Tweet I love Kaaba, in Lucemburská. It's a small café in a quiet, tree-lined, side street of Vinohrady with an intimate atmosphere and fantastic soundtrack. Or at least that's how I find it on Tuesday and Thursday mornings when I go for an early pint or two of very well tapped Polička Hradební Tmavé, one of the finest exponents of one of the most underrated Czech beer categories, tmavé výčepní. Much of that atmosphere is generated by the štamgasty, who are a pretty colourful bunch. It's really fantastic to sit down and chat about history, films, music, Argentina, politics and what have you with people like a retired Mariner, an Investigative Journalist or the Chairman of the Czech Monarchist Party while listening to Cream, Tom Waits, Max Raabe or Chet Baker.
This wouldn't be possible without the figure of the owner, a pretty interesting bloke himself, with a theatre background (not acting) and great taste for music, and with whom it's also very interesting to talk.
The other day I was having a conversation about beer about beer and the local beer scene with him and he told me how he got to Polička.
When he decided to start selling draught beer Pilsner Urquell was the most natural choice, the cans and bottles were selling really well. He got in touch with the company and the representative explained him that he couldn't help him because of the low volume this place could have. Someone later recommended him Polička and now he couldn't be any happier, not only with the quality of the beer, but also with the company as a business partner.
I love talking to people from "the other side of the counter". It helps you see things from a different perspective (something that is always good to do) and occasionally you get to hear something that can be almost a revelation, just like this time. After I left the place I started asking myself whether cases like Kaaba's aren't one of the reasons why some regionals are doing so well in a shrinking or, at best, stagnant market.
Some people might say that the attitude of PU's representative is nothing but an example of the arrogance of large companies. I see it more like a example of common sense in business. Let me explain you.
Some years ago, a senior manager of a large B2B service company, which in fact was the leader in its market, was explaining me their client portfolio. At the bottom of the pyramid there were a huge number of small clients who, according to this man, brought little value and required the allocation of disproportionate resources to keep them satisfied. He added that if it was up to him, he would get rid of the lot of them, which would result in a bigger profit margin for the company with the added bonus that they would be able to take better care of the important clients, which could result in bigger revenues. Unfortunately, the owners at the time, an investment fund from the US, were the kind of people who have growth at any price as sole strategy (a pretty dumb philosophy, which I believe is to blame for much of what's happening now in the world economy) and their policy did not allow for the loss of a single client.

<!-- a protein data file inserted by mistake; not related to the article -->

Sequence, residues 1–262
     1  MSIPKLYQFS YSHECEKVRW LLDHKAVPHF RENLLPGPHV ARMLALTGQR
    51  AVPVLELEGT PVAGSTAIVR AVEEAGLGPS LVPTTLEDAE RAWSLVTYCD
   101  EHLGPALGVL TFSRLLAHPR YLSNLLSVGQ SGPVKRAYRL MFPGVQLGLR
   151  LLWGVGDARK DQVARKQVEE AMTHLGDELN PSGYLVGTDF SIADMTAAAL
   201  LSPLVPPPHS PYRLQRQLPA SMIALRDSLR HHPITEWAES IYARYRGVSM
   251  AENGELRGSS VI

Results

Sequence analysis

For a company like Plzeňksý Prazdroj Kaaba would be one of those small clients and it's understandable that they weren't interested. And they never had to worry too much about that either, after all, this kind of owners can always go to the distributors or wholesalers to buy the beer, if they want to.
But that times have changed. It's always better to deal with the producer and some mid-sized and small breweries might be filling the hole left by the big boys. Žatec, in the last year or so they've shown up in who knows how many places, most of them quite modern and fancy.
I doubt the macros are in a position to reverse the trend.
This has little to do with personal taste or even optimism. It's a simply business issue. For your average regional brewer places like Kaaba are an interesting client, not only because every keg sold counts, but also because it offers them the possibility of reaching to new consumers. The owners, on the other hand, can buy beer that is cheaper than Pilsner Urquell (plus getting all the marketing goodies and even taps). And to make things more interesting, we should not forget that the regional brands are getting more awareness by the day and, if we look at cases like Jama's (a place where people didn't use to go because they had this or that beer), switching to a regional brand can end up being very good for the business. It's only a matter of time until more people realise about this.
And then they say an early pint of bad for you.
Lucemburská 15 – Praha-Vinohrady
Mon-Sat: 7.30-22, Sun: 9-22
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